Specific modules for robot-assisted surgery debuts

May 13, 2011
Guru, left, and Kesavadas, inventors of this Robotic Surgical Simulator, have now developed training modules for robot-assisted surgery procedures.

Two life-sciences entrepreneurs are launching the first procedure-specific software modules for robot-assisted surgery.

Through a combination of simulation and haptic technologies, these first-of-their kind training modules guide novice surgeons' hands through every step of four key robot-assisted surgical procedures, helping users to become proficient in these highly complex operations, toward the goal of ensuring patient safety and improving .

Khurshid A. Guru, MD, director of at Roswell Park Cancer Institute (RPCI), and Thenkurussi "Kesh" Kesavadas, PhD, director of the Virtual Reality Lab and a professor of mechanical and aerospace engineering at the University at Buffalo (UB), created Hands-on Surgical Training (HoST) to harness the didactic potential of their proprietary Robotic Surgical Simulator, or RoSS.

The new modules, the first procedure-specific software applications for robot-assisted surgery, are available for four commonly performed minimally invasive, robot-assisted procedures: prostatectomy, removal of the prostate gland; hysterectomy, removal of the uterus; cystectomy, removal of the bladder; and complex extended lymph-node dissection.

The four HoST modules will be publicly demonstrated for the first time at the annual conference of the American Urological Association in Washington, D.C., May 14-17.

The key to the HoST platform, which is unlike any other available training tools in robot-assisted surgical technique, is interactive software that diligently records and replays the precise hand movements of world-renowned surgeons during minimally invasive surgeries.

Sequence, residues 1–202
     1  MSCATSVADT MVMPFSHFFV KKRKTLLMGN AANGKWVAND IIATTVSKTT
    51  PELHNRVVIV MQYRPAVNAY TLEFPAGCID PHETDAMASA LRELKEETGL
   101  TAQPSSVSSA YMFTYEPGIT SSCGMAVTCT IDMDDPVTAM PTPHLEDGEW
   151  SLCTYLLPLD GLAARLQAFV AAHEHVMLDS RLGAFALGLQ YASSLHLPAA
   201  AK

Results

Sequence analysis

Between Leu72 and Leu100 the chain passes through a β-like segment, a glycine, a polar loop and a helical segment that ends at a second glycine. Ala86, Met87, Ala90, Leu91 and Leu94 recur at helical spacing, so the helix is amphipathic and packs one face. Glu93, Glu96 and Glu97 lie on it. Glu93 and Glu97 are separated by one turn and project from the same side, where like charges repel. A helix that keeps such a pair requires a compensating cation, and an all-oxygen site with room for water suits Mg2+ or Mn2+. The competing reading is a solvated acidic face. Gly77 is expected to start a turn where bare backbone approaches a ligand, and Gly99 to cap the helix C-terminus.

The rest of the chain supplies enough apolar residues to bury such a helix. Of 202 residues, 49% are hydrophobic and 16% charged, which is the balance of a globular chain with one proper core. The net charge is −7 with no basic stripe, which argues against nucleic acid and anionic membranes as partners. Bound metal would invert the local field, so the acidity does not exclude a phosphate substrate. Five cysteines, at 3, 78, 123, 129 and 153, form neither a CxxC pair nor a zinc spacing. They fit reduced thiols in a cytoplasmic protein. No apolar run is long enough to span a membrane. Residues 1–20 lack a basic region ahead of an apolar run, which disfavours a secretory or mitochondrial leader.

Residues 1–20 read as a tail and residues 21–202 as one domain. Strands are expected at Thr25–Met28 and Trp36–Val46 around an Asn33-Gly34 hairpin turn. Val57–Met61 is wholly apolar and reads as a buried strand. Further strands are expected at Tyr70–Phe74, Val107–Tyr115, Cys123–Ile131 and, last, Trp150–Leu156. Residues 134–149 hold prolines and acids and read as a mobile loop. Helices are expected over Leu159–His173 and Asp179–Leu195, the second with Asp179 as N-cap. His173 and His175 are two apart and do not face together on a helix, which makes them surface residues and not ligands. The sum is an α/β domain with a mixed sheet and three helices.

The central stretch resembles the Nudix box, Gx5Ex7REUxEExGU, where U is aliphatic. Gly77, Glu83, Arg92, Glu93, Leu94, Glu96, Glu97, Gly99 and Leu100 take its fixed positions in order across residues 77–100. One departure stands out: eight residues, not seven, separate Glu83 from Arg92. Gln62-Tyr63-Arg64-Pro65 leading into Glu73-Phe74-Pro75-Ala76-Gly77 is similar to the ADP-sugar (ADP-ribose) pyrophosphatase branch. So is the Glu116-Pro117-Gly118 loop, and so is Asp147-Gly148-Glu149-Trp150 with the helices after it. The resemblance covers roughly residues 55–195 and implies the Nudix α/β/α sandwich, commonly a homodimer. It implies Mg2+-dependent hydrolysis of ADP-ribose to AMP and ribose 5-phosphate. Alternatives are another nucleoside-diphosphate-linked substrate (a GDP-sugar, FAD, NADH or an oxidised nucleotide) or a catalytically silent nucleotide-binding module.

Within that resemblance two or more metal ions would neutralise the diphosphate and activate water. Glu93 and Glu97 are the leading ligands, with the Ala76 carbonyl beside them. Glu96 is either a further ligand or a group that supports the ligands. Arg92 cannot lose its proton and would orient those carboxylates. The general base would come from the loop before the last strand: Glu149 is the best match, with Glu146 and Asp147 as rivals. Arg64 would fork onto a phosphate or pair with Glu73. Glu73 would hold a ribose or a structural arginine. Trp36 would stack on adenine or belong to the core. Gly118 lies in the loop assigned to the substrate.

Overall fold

"HoST virtualizes every single motion that a surgeon makes during an operation, down to the suturing," explains Kesavadas. "Then we convert all these actions with surgical principles based on HoST software, which brings a to virtual reality. The trainee can then sit on the RoSS platform and can feel exactly how the expert robotic surgeon performed the procedure."

"The concept of learning and performing a real procedure on the simulator with the master surgeon and not on the patient, isn't that the holy grail of simulation for surgery?" said Guru, who is also an associate professor in RPCI's Department of Urology. "It's this element that makes HoST such an important tool for both new surgeons just learning the techniques for the first time and experienced surgeons looking to hone their skills or 'warm up' before live procedures."

Under Kesavadas' direction, the UB Virtual Reality Lab has been focused on ways to virtually transmit some of the most unique and difficult-to-imitate skills that humans have.

"Both the RoSS- and the HoST-based modules demonstrate how a surgeon who is training can learn the same skills that good robotic surgeons have," notes David Parish, chief executive officer of Simulated Surgical Systems, LLC, (SSS) the Williamsville, NY, company that builds and markets the RoSS. "These products merge UB's virtual-reality research with Dr. Guru's expertise in robotic surgery to come up with an innovative approach for training."

The modules employ detailed anatomical illustrations matching the magnification of the RoSS interface.

"I believe the illustrations will be constructive by allowing the surgeon to more clearly envision these complex anatomical surgical fields," notes John Nyquist, lead medical illustrator and clinical assistant professor of pathology and anatomical sciences at UB's School of Medicine and Biomedical Sciences, who contributed the illustrations.

The patent-pending HoST system was jointly developed by RPCI and UB and licensed to Simulated Surgical Systems, which Drs. Guru and Kesavadas co-founded in 2009.

"Ingenuity has been the hallmark of everything Drs. Guru and Kesavadas have created through their SSS partnership, so it's no surprise to see how they've once again adapted technology to advantage in the surgical environment with these HoST procedure modules," said James Mohler, MD, associate director, senior vice president for translational research and chair of urology at RPCI. "These are outstanding training tools that will, no doubt, help to reduce the risks associated with robot-assisted surgery, and they were made possible through a marvelous example of inter-institutional collaboration."

More information: For more information about Simulated Surgical Systems and the HoST modules, go to www.simulatedsurgicals.com/host

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